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The new Halliburton administrative building in Odessa. Photo by The Odessa American

City mulls water pipeline project for Halliburton, industrial development

BY COREY PAUL | The Odessa American, TX

Odessa city officials are considering helping Halliburton pay for a nearly three-mile 12-inch pipeline that would pump drinking water to the oilfield services company and other industrial customers in the southern part of the city.

To build the pipeline, the city would pay about $1.3 million in construction costs for the pipeline, which is about half of the initially estimated expense. Total cost could be closer to $3 million, but Halliburton will cover the rest and hire the building contractor, according to company and city officials.

The Odessa City Council still has to approve the project, while company officials say construction could start about 60 days after approval and take up to a year. But the Odessa Development Corporation at its June 5 meeting already approved covering the city’s portion of the project, to be repaid through water usage fees.

“There could be dozens, literally dozens, of buildings that use it, or two or three real large ones,” said Richard “Buz” Browning, president of the ODC board. “The idea is that we put the money out there as an investment in the community.”

The deliberations dovetail with separate considerations about whether to annex three industrial districts through a voluntary process, which would include the Halliburton facilities in the 6100 block of West Murphy Street.

Halliburton, already Odessa’s largest commercial employer, is rapidly growing its operations. They need the water and increased pressure for uses including plumbing and washing heavy equipment, said Todd Cage, the district manager for Halliburton based in Odessa.

How much water the 12-inch pipeline would carry for industrial use was not available on Wednesday. The pipeline would originate in the Maurice Road area of South Odessa.

The water would not be used for hydraulic fracturing, he said, which is generally provided by oil companies.

Halliburton’s operations only need a new 8-inch line in addition to the one running to the facility now but Cage said he approached the city about the bigger line because it would support development in the industrial district and other businesses, such as Baker Hughes, another oil services company.

Halliburton has three new facilities planned to come online through the next year, Cage said. They will focus on artificial lift, completion tools and sperry directional drilling. Halliburton is also in the process of hiring more than 500 people for its Permian Basin operations.

Mayor David Turner said he expected the City Council to discuss the pipeline project at their next meeting, June 24.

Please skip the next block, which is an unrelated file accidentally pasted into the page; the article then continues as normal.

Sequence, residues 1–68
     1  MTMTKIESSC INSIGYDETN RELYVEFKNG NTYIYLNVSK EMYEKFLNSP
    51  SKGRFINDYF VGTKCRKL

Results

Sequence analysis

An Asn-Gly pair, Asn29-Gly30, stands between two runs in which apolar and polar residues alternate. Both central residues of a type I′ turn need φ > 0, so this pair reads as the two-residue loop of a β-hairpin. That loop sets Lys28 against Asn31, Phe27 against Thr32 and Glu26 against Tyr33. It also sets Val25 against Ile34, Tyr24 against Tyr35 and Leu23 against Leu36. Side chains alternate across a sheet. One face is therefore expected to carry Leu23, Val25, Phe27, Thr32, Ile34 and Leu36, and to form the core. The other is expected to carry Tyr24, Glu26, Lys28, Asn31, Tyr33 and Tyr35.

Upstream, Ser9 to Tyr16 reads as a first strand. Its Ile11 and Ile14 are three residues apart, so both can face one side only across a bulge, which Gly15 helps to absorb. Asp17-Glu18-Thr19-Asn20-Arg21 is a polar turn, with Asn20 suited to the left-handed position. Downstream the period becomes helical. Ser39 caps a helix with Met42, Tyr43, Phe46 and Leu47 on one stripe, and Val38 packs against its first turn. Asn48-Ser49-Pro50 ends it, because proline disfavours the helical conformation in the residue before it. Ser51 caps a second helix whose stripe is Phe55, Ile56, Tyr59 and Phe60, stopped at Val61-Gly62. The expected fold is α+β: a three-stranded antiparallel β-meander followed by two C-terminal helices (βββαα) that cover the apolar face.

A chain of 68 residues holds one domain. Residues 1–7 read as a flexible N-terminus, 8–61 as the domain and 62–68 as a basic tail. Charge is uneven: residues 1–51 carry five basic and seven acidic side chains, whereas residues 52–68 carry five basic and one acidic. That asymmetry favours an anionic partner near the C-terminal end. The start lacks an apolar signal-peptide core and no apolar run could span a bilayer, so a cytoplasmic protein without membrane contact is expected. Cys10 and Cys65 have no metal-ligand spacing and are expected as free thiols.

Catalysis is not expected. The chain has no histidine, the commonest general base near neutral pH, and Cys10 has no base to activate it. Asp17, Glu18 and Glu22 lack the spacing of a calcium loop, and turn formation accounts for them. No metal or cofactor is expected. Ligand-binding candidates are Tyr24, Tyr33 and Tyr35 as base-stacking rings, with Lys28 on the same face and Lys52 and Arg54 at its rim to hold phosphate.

“We’ll make money out of water sales but as that continues to develop, any new business that will come in there will have to pay their pro-rated share,” Turner said. “… ODC will get their money back, we’ll get some more money and we’ll get to develop our businesses, because our industrial parks are filling up.”

Related: Drought sparks fight between Texas and New Mexico

Odessa, like others in the West Texas drought, struggles with water scarcity. John Grant, the general manager of the Colorado River Municipal Water District, has said the water agency faces running out of surface water by November or December if there is no more inflow, then relying solely on groundwater.

But Turner said the city has enough water through the next year from lakes and the option of turning to about 45 million gallons a day of Ward County supplies.

“Right now you don’t have to worry about water,” Turner said.

The City Council in May approved the beginning stages of annexing districts 2, 3 and 4 along the edges of the city limits. If annexed, the city would see a windfall in sales taxes from booming oil services companies including Halliburton and Baker Hughes.

Halliburton officials do not oppose that debate.

“We’d have to weigh the dollars and cents behind all that,” Cage said. “I’m not completely coherent of how much the city sales tax will impose on us. But our main goal in this whole conversation is to support our water supply.”

The city would also be required, per Chapter 43 of the Local Government Code to “provide the services by any of the methods by which it extends the services to any other area of the municipality” — such as water access.

City Manager Richard Morton was out of town and unavailable for comment. Assistant City Manager Konrad Hildebrandt, who is not working directly on the pipeline or annexation projects, said the effort is in “its infancy” but that generally, annexation of large industrial properties makes sense.

“Having a good, solid industry in a city is always positive…” Hildebrandt said. “And it brings money into the city.”

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